This master bath…yikes! When you first walked in, no…as soon as you opened the door, BEFORE you even entered…your eyes saw nothing but this immensely over-sized raised and sunken and jetted bathtub!
It had 4 12”x12” columns and 12” surround and 22” high. You had to climb up 2 steps just to step down into the sunken tub.
It was supposed to be grandeur, but it wasn’t.
After your initial shock from the giant bathtub that sat 3’ from the entry, you will notice, builder grade his and her granite vanities flanking the bathtub on opposite sides of the room.
Hidden behind the giant bathtub, was an open half-circle shower. This was tiled in 3” square natural stone from shower floor and up the wall 7’ high. It didn’t have a door, or a curtain, thus being an open shower.
It also had 2 shower heads that sprayed further than the “invisible” door. The tile stopped inside the shower, so the walls that were just on the outside of the shower were just drywall.
Did I also mention that the shower sprayed further than the shower? Even when it didn’t, our movement caused splashing outside the shower. So it was no surprise to us when our home inspector said the baseboard was rotten and needed replacement.
This master bath was in my house. I came up with the design for the bath before we moved into the house while we were still in Virginia. The design came to me as most of my other ideas do, it just pops in my head, after hours of contemplation.
I start staring at the space, well, technically, at the picture(s). I keep in mind the needs and wants and budget of the client, in this case myself and my husband. I also kept in mind that this isn’t our forever home and will want to have a good return on it in a couple of years. I imagine a blank slate pretty much.
I know I am keeping the vanity cabinets but exchanging the tops. I know a stand alone tub needs to have a place. I know the shower needs doors. I think about the rest of the house, and the style it is and more importantly, the styles it isn’t.
After draft after draft in my head, I doodle on my white board. I love doodling designs on my white board! It’s a creative process that makes me happy!
The issue I was having is the big giant space that the big giant tub left behind. If I placed a soaking tub, which most average 30”x 69-72”, in the big giant space that the big giant tub left, then it would feel like an afterthought, not to mention no sense of real privacy.
I could put the average size soaking tub where the shower is, but then I would have to move the shower to the center build a 4 walls of glass, or 4 walls of something. I’d need to figure out how to be fancy and have the shower head come from the ceiling, which will mean moving plumbing.
One design decision always affects another decision and that decision will affect another decision. I scratched that idea quickly. Plus my tub would have felt squished to me.
So back again to the big giant space for the now normal size tub. Literally, I went back to the drawing board.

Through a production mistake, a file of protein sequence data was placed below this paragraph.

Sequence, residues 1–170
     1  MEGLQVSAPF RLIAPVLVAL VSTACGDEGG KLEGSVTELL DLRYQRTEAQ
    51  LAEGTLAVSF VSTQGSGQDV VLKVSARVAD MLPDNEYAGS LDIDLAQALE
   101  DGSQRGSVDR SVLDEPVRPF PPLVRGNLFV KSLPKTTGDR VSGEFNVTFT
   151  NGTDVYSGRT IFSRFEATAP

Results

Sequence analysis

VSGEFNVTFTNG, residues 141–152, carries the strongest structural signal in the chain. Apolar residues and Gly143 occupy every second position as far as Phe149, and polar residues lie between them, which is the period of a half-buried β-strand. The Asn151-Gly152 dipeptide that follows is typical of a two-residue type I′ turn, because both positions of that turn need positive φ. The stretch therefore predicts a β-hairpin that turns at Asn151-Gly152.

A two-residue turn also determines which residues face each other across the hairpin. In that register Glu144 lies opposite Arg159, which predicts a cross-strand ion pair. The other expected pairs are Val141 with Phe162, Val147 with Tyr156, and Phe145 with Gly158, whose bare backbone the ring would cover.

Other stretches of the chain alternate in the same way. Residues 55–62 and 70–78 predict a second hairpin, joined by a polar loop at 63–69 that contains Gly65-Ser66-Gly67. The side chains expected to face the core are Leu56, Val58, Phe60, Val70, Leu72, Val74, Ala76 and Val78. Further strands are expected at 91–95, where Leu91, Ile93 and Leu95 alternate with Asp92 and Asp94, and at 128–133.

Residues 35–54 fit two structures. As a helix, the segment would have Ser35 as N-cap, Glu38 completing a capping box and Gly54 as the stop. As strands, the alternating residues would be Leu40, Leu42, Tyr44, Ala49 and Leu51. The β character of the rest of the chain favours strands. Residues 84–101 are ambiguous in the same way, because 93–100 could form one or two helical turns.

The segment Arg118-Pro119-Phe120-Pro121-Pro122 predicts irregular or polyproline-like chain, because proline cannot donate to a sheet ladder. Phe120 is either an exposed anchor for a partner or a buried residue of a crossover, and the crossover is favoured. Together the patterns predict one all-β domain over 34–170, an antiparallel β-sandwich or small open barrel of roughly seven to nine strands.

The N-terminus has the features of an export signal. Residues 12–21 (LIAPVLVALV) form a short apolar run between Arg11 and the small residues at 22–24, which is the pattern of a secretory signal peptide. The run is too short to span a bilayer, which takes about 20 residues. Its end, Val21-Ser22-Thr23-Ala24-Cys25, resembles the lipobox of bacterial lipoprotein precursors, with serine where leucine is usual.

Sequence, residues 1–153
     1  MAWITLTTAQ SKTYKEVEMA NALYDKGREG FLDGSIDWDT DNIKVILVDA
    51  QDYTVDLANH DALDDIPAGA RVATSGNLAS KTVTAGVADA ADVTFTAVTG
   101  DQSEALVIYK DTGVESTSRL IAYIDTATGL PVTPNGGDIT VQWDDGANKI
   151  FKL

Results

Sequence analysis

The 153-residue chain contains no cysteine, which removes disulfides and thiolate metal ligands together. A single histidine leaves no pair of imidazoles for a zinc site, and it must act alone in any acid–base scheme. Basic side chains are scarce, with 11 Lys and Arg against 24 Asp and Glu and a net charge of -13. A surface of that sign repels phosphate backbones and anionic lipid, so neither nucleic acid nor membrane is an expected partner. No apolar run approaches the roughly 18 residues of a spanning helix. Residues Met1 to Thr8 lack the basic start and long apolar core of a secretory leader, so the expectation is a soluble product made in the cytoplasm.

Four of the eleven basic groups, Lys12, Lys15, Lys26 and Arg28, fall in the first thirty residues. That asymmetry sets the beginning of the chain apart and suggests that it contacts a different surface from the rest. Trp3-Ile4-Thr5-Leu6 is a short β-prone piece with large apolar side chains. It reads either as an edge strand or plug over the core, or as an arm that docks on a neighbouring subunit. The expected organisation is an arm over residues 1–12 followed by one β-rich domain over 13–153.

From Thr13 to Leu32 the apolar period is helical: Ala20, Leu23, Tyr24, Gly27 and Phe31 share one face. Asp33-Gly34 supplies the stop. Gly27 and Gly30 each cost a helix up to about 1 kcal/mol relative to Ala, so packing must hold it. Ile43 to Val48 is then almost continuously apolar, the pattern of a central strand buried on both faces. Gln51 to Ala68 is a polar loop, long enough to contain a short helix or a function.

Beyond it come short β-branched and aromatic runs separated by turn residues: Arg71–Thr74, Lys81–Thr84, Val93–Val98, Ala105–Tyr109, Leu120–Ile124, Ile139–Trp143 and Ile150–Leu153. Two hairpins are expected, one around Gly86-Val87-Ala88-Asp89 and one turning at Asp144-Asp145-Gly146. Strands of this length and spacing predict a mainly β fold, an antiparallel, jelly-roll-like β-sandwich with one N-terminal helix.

I knew I wanted my average size soaking tub to be next to a bubble tile wall. I had seen a bubble tile many years ago and had always wanted to incorporate it some how, but my husband wasn’t so keen on the bubble look. So now I can see my average size soaking tub next to my bubble wall, with a stand alone faucet.
But I don’t have a wall to put my bubble tile and average size soaking tub unless I build one. Oh, and there goes the floodgates. Now I have floating wall in the middle where the big giant space is that was left from removing the big giant tub. One side will have bubbles for me, and the other side will have bricks for him.
As I was shopping for shower tile, I found reclaimed wood mosaic. THAT WAS IT! My husband’s side of the floating wall in the big giant space left from that big giant tub will have this gorgeous reclaimed wood mosaic!
Against his wall he will have a white bench, a couple of hooks, a shelf and a mirror. A nod to a gentleman’s locker room. His closet is next to his vanity, so everything for him will be right there on HIS side.
The dilemma for the shower, was if we had one door in the middle, it would run into the floating wall. If we scooted it down to one side or the other, then the other would have an awkward entry and exit.
If I put a sliding door, again, the other person would have an awkward exit. Wait, what if I had 2 doors? Each one opening from the proper side. I spoke with the glass shower man and he said he could do that! So we did that!
The vanities evolved from being white quartz to custom made-in-place cement tops. The bling(s) i.e., lights, faucets,floors etc. fell into place once the floor plan was decided.
What was the point of this blog post? LOL, I guess to show that it takes a while for a design to come about to it’s final form. Not only is there a long thought process for the look, but plenty of math for measuring spaces and forms, to order the right amount of tile without too much overage, to calculate how much light will project from the ceiling lamp and for budgeting.
Many hours of research to find the right pieces that come in within your time frame, and within budget. Then hopefully the contractor will tell you all your design plans are feasible and we don’t have to compromise on anything.
Then we can begin.